- 1[intransitive, transitive] to push somebody/something in a rough way The crowd was pushing and shoving to get a better view. + adv./prep. The door wouldn't open no matter how hard she shoved. shove somebody/something (+ adv./prep.) He shoved her down the stairs.
- 2[transitive] shove something (+ adv./prep.) (informal) to put something somewhere roughly or carelessly She shoved the book into her bag and hurried off. He came over and shoved a piece of paper into my hand. Shove your suitcase under the bed. (figurative) Could he be lying? She shoved the thought to the back of her mind. Word Origin Old English scūfan (verb), of Germanic origin; related to Dutch schuiven and German schieben, also to shuffle.Extra examples A leaflet was shoved through my letter box. He shoved me roughly aside. He was shoved to the ground. I shoved hard until the door opened. She shoved open the door. She shoved the letter in a drawer. We shoved our way through the crowd. Harry was shoving his way to the front of the hall. He shoved the girl out of his way. Just shove your suitcase under the bed. The door wouldn’t budge, no matter how hard she shoved. They shoved the guard aside.Idioms (informal, especially North American English) used to say rudely that you will not accept or do something ‘The boss wants that report now.’ ‘Yeah? Tell him he can shove it.’ Phrasal Verbsshove offshove up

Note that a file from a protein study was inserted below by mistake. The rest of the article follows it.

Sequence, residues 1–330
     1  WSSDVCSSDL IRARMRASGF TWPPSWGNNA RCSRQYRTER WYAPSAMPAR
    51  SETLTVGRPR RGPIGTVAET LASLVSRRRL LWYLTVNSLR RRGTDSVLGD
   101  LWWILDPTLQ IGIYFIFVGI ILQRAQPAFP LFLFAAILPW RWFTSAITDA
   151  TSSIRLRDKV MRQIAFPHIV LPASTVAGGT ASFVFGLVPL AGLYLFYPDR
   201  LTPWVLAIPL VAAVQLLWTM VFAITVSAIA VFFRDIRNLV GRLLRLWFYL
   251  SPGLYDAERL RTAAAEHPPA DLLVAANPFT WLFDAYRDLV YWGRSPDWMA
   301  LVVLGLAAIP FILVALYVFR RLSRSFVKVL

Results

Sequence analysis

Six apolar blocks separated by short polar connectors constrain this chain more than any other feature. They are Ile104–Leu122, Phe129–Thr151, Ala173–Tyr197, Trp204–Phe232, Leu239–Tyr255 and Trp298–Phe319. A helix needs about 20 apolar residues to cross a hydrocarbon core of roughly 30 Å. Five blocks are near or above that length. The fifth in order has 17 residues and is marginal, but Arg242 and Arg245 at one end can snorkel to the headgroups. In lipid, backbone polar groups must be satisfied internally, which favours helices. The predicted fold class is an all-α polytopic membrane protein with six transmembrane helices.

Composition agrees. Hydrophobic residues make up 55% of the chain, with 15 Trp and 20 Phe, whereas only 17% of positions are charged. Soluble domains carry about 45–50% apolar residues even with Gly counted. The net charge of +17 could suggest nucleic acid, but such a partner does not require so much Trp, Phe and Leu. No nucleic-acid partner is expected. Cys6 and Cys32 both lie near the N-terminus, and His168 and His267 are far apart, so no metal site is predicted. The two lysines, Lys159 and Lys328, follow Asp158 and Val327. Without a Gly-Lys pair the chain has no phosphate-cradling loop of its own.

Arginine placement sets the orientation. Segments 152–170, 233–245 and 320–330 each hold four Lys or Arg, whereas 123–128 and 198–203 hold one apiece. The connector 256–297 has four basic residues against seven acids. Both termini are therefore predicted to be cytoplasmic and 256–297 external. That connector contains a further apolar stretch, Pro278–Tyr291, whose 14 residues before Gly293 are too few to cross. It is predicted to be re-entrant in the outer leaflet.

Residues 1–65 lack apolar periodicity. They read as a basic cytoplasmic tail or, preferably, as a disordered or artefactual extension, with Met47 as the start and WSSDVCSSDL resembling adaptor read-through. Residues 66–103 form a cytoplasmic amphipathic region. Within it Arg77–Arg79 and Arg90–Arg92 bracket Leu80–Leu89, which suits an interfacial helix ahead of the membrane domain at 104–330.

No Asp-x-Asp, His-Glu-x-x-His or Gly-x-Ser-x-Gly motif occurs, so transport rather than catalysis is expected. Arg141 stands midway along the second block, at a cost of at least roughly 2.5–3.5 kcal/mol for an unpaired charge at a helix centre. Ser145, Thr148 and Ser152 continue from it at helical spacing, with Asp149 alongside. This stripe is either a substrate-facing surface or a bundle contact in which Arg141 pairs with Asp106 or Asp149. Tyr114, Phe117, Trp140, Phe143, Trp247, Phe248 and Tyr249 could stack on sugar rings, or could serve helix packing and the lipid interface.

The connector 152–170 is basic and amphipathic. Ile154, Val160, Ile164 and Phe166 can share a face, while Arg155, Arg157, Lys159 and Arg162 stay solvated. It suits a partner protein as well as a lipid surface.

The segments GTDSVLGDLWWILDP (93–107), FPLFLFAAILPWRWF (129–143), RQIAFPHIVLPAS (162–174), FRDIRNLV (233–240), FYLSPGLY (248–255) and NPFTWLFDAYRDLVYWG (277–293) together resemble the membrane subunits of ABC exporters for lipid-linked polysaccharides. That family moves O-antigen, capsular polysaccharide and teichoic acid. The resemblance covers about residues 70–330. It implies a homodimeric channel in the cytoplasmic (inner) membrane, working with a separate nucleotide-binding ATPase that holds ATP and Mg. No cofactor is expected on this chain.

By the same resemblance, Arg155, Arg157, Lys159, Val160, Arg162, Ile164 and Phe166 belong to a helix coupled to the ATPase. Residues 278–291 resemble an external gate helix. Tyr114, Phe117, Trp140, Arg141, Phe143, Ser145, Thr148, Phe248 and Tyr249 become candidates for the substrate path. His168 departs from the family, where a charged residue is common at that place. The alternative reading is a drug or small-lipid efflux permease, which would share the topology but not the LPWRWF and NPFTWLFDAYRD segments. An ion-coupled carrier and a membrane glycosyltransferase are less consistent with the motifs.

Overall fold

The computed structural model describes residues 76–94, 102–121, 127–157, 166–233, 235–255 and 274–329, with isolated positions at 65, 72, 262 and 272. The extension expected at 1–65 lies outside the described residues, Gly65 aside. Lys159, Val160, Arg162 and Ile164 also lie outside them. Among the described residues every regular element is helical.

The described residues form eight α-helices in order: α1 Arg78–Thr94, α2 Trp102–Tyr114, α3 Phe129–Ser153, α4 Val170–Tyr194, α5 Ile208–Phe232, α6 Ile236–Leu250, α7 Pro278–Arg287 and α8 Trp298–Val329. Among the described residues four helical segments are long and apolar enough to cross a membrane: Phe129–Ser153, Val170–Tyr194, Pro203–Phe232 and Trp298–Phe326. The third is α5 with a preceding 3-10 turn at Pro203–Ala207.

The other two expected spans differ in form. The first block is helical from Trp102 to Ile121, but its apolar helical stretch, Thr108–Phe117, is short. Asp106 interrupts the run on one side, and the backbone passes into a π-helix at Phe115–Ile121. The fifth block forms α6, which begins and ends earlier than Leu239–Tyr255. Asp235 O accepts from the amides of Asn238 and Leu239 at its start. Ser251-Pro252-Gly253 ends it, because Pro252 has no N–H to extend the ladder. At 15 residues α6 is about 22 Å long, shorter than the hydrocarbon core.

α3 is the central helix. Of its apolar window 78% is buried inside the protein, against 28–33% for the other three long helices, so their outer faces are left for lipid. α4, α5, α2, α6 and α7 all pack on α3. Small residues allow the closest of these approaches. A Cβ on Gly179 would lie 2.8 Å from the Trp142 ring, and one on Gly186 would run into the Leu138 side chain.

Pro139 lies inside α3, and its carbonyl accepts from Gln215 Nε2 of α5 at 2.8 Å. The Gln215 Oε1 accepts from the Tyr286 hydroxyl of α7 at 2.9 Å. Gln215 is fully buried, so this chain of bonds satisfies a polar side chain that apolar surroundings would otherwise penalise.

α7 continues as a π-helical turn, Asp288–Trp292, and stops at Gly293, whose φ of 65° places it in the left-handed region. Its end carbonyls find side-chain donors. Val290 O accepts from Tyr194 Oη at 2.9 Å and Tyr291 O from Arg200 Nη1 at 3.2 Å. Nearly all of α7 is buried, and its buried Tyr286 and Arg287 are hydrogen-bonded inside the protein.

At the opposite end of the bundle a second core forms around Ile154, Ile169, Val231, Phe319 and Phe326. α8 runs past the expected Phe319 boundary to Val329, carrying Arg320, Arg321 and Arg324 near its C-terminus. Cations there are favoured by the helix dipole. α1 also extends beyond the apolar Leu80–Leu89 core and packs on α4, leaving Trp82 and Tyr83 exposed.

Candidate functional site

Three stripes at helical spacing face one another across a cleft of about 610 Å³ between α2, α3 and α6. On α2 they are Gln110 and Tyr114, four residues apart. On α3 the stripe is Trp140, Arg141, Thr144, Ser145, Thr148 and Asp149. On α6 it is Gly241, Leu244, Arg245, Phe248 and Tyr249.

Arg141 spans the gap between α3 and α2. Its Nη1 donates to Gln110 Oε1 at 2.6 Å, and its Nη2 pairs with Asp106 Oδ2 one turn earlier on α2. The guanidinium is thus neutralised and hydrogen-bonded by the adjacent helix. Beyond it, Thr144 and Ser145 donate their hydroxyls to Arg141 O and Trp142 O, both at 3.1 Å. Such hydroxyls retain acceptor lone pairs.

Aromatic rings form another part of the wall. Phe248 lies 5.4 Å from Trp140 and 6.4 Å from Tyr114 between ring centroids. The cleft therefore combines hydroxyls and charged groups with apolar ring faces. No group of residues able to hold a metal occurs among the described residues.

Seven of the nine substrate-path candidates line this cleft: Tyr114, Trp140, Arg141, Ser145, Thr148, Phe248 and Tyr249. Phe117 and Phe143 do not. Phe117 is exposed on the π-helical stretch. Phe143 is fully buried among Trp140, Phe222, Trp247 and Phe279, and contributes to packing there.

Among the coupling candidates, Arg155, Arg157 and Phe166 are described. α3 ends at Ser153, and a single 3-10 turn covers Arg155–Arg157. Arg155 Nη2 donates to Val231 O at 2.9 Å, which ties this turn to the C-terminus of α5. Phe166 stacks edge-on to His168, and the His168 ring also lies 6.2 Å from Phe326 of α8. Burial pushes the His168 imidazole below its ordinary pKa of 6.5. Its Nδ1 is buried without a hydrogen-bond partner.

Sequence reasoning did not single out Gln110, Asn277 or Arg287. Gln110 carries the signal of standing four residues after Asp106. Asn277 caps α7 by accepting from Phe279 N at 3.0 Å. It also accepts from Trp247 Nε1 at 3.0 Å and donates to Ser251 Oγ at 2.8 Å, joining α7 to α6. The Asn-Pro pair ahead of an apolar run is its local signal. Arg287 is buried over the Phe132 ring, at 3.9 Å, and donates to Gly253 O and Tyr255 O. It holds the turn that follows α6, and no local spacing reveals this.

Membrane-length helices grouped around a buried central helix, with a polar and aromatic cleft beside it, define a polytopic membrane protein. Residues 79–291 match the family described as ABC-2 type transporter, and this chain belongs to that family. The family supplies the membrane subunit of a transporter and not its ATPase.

BrE BrE//ʃʌv//; NAmE NAmE//ʃʌv//Verb Forms present simple I / you / we / they shove
BrE BrE//ʃʌv//; NAmE NAmE//ʃʌv//he / she / it shoves
BrE BrE//ʃʌvz//; NAmE NAmE//ʃʌvz//past simple shoved
BrE BrE//ʃʌvd//; NAmE NAmE//ʃʌvd//past participle shoved
BrE BrE//ʃʌvd//; NAmE NAmE//ʃʌvd//-ing form shoving
BrE BrE//ˈʃʌvɪŋ//; NAmE NAmE//ˈʃʌvɪŋ//